Adrian Rowbotham created a fantastic open-plan kitchen-diner by changing the footprint of his home.
When the Rowbothams moved to their new home in Lincolnshire in 2011, they knew that, over time, they had lots to do to the detached, Fifties property. ‘It really wasn’t Rachael’s style and the ground-floor layout just didn’t work for us,’ Adrian recalls. The kitchen was small, impractical and down the end of a corridor, separated from the rest of the living area, which the couple anticipated would be a problem when they had children. ‘We thought the house would work better with a big open-plan space at the back,’ he explains, ‘and with our son, Henry, now with us, we didn’t want to have to divide our time between different rooms.’
After years of careful planning, work finally began in February 2015, with the builders removing the back wall of the building to extend out. However, this meant two huge steel beams were required, with vertical supports that would protrude into the room. The solution was simple: ‘The pillars created a natural place where the main kitchen area could end,’ says Adrian, ‘so we worked our ideas round this feature.’
While the builders carried on with the renovation, the couple contacted Diane Berry Kitchens: Rachael had seen her designs in magazines and felt confident that they could make her dreams a reality. ‘We had originally imagined fitting mustard-yellow units,’ says Adrian, ‘but Diane advised us to use this colour on the walls with grey cabinets, making it easier to change in the future if we wanted.’ Diane also came up with other excellent suggestions, such as the addition of a boxed-in extractor fan that blends in with the walls for an uninterrupted finish, plus a designated breakfast cupboard with sliding door that makes clearing up at busy times quick and easy. A white range cooker also works in contrast to its darker surroundings, and is one of Rachael’s favourite things: ‘It not only looks bold and beautiful, but it also makes cooking complicated meals or entertaining a breeze – I love it,’ she says.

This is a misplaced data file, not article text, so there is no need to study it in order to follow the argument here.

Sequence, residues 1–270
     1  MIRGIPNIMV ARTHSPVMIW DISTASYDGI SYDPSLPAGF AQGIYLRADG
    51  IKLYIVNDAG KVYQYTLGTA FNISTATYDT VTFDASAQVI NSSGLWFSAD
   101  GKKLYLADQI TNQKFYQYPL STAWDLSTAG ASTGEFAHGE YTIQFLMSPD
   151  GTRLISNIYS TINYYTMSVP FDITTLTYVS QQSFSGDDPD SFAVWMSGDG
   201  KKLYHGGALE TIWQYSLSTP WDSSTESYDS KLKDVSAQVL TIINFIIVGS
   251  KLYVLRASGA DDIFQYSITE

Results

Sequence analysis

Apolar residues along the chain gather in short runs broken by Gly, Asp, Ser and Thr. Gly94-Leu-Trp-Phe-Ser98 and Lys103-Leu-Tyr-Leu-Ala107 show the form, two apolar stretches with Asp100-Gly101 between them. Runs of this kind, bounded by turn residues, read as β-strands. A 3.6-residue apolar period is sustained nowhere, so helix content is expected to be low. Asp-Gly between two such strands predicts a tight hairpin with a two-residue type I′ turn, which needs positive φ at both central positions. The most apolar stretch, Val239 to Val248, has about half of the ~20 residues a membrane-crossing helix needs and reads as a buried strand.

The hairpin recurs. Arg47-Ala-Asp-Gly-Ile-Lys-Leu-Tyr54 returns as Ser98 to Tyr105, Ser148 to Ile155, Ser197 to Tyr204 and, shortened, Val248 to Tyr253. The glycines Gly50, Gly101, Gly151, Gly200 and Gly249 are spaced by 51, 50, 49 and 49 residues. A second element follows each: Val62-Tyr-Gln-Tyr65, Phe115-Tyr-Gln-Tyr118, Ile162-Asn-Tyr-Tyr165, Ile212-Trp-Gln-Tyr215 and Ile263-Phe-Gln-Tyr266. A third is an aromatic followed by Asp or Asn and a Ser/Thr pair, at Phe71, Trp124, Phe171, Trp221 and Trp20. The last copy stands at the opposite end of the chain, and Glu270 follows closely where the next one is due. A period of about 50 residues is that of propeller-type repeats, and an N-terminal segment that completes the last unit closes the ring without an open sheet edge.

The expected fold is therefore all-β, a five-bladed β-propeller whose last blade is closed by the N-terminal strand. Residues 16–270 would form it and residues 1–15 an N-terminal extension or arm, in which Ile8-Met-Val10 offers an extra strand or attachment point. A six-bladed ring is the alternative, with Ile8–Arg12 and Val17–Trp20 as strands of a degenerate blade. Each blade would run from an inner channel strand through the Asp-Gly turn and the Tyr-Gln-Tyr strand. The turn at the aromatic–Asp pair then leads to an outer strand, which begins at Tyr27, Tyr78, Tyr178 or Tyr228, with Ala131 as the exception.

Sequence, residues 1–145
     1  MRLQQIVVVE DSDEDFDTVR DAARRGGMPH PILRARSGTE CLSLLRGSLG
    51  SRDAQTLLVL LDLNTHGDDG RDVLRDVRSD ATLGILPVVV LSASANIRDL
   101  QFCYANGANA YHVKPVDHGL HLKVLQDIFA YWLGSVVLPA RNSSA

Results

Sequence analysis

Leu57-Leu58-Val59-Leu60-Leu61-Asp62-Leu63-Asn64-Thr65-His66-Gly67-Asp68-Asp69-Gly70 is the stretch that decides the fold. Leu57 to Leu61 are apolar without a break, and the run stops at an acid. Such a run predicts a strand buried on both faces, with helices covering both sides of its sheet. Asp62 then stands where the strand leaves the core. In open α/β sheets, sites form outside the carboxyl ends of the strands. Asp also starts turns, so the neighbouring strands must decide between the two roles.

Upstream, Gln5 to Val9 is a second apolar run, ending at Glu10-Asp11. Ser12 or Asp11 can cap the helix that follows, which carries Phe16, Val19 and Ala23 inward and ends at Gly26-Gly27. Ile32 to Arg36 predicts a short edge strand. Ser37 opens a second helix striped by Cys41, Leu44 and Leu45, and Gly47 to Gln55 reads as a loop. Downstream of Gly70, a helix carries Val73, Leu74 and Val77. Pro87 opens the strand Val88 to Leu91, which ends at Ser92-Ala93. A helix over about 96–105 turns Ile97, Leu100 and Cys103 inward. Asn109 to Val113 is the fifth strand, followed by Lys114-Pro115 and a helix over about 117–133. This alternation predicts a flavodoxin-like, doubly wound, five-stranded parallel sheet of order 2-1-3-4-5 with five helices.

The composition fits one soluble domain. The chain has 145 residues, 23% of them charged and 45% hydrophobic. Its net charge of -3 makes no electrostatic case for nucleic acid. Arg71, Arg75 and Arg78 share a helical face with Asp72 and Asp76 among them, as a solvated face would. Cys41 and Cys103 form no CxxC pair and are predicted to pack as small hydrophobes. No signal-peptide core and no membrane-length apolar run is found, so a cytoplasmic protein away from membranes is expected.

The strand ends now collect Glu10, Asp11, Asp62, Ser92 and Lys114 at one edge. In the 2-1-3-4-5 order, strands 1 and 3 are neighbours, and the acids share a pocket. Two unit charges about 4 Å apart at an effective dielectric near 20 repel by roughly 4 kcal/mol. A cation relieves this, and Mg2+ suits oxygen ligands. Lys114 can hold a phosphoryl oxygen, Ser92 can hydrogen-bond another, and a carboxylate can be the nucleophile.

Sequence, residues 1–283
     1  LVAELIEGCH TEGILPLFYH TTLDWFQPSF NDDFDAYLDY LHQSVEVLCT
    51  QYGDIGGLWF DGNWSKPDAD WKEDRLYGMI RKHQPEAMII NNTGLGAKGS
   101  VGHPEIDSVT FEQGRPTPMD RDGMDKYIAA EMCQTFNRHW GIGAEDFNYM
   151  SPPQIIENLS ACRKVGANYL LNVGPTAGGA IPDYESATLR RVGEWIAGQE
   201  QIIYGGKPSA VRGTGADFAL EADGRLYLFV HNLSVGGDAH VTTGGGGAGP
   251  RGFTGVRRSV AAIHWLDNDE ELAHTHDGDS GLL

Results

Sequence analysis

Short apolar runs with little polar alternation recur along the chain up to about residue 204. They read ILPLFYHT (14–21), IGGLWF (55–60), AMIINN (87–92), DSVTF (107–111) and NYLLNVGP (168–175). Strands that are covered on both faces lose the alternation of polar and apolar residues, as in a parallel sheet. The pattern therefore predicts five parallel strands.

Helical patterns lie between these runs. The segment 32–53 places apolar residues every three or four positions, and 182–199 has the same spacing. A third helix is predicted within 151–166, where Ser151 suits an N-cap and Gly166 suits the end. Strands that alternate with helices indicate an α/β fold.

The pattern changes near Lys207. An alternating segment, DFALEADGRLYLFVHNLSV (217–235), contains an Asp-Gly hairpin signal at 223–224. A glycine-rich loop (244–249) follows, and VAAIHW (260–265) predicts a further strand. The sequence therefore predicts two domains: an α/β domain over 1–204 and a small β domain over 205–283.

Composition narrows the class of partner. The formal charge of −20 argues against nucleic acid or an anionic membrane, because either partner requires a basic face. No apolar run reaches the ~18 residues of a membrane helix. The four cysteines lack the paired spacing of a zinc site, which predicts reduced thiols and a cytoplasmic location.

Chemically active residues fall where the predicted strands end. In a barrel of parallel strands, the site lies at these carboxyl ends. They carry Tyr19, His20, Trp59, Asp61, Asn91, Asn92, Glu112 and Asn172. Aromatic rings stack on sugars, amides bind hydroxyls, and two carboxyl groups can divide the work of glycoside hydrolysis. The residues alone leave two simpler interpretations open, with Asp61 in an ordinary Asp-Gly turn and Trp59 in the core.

The couple installed wooden floors throughout to add visual warmth, but decided to create a feature in the kitchen area with patterned tiles. ‘We made the illusion of a rug by using a rectangle of encaustic tiles, set flush with the floorboards,’ Rachael explains. ‘It adds interest and defines the food preparation zone.’ The informal and relaxed dining space incorporates a built-in bespoke bench – perfect for when Henry has friends round – complete with a comfy cushion made by a local upholsterer in a vibrant retro fabric.
But just as the Rowbothams thought they had finished their project, disaster struck. ‘The roof pitch was wrong. We had to take it off and start again from scratch, so the whole thing took twice as long as it should have,’ explains Adrian. ‘Still, we cheered ourselves up with the quirky finishing touches that bring fun and personality to the space,’ Rachael adds.
The couple are delighted with the end result. ‘Having lived with it for a while, there’s nothing we’d change, and we’re thrilled with how it suits our family,’ she says.
Photography: Rachel Smith